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Hatch, fellow senators should pass clean Internet tax ban

Sen. Orrin Hatch, R-Utah, is interviewed in Salt Lake City, Thursday, Aug. 7, 2014.
Sen. Orrin Hatch, R-Utah, is interviewed in Salt Lake City, Thursday, Aug. 7, 2014.
Ravell Call, Deseret News

Our nation’s dysfunctional Congress is something we are all too familiar with. This phenomenon reared its ugly head most recently when House Democrats deserted President Barack Obama to defeat a portion of a large trade agreement — one on which Republicans and Senate Democrats met in the middle to bring forward.

But wins still happen, even if they seem small.

The House of Representatives just unanimously passed the Internet Tax Freedom Act (ITFA), a ban on Internet access taxes by state and local governments. Passed initially in 1998 to help spur Internet deployment and adoption by reducing costs, this popular policy has been extended five times.

This go around the measure would permanently ban the taxes, forever ending the possibility that some of the more than 10,000 different taxing jurisdictions could tax your Internet access. Because communications services are highly taxed compared to most goods and services — 17 percent on voice services and 12 percent on cable on average — they are ripe targets for local taxation.

For consumers, passing the measure is a clear win that helps keep costs down. As the bill’s sponsors, congressmen Bob Goodlatte, R-Va., and Anna Eshoo, D-Calif., said when the permanent ban passed the House, it is “a necessary measure to keep Internet access free of taxation.”

The House ITFA bill had 188 co-sponsors from across the political spectrum. This is no accident. It is a simple, straightforward, no hidden agenda piece of legislation, supported by leading senators, including Finance Committee Chairman Orrin Hatch, R-Utah. If it were brought to the Senate floor, it would pass overwhelmingly. After all, what senator is going to vote for increased taxes, let alone if they are up for reelection?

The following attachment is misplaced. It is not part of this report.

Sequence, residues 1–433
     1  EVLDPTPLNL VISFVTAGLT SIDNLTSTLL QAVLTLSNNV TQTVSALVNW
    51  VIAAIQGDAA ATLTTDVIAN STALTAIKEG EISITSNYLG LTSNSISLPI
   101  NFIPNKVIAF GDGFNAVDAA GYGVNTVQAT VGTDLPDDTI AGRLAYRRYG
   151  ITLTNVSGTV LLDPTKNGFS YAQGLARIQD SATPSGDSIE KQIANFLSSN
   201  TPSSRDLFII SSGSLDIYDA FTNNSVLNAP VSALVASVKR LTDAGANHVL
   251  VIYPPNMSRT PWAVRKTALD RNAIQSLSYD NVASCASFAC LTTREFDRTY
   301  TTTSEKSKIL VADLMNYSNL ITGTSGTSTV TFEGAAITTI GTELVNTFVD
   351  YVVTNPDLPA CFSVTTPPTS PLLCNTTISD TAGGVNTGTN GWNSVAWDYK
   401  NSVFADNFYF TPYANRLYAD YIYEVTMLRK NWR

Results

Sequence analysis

Enshrining the ban into law, however, will not be easy because of a totally separate piece of legislation known as the Marketplace Fairness Act (MFA), which deals with online sales taxes. In short, MFA would allow state governments to collect sales taxes from remote retailers, such as Amazon, with no physical presence in their state. It is mostly supported by members of Congress from states with no income tax, thus reliant on dwindling sales taxes in the face of rising online sales.

Last year, MFA supporters, including Sens. Mike Enzi, R-Wyo., and Heidi Heitkamp, D-N.D., tried to pair the separate tax measures into a combined bill. Now this small contingent of Senators are looking to do the same this year.

For all the beneficiaries of the Internet tax ban, this spells trouble and must be stopped.

The MFA certainly has merits. As does a totally separate piece of bipartisan legislation recently introduced by Utah Republican Jason Chaffetz, which would also attempt to tackle online sales taxes. According to a June poll from Morning Consult, the Chaffetz measure is actually favored compared to its competition in Congress.

But regardless of what legislators or constituents think of these pieces of online sales tax legislation, the issues must not be conflated. In the recent words of Sen. Ron Wyden, D-Ore., an ITFA champion, it is “legislative malpractice” to do so.

Solving the online sales tax debate is a complicated issue, one that requires sacrifice and compromise — something Congress and industry is not excelling at lately. With the 2016 election season looming large this fall, Congress must advance the vast majority of bills before the August recess for passage in 2015. There is simply too much at stake for consumers, already dealing with extensive add-on fees, to conflate the issues and risk the expiration of ITFA.

Rather than continue down this path of political gamesmanship, the Senate should do what is right for consumers and pass the tax ban. Otherwise, we will all be paying the cost.

Hon. Christopher D. Coursen is founder of the Status Group. He formerly served as majority communications counsel for the Senate Commerce Committee and advised the Ronald Reagan and George H.W. Bush administrations.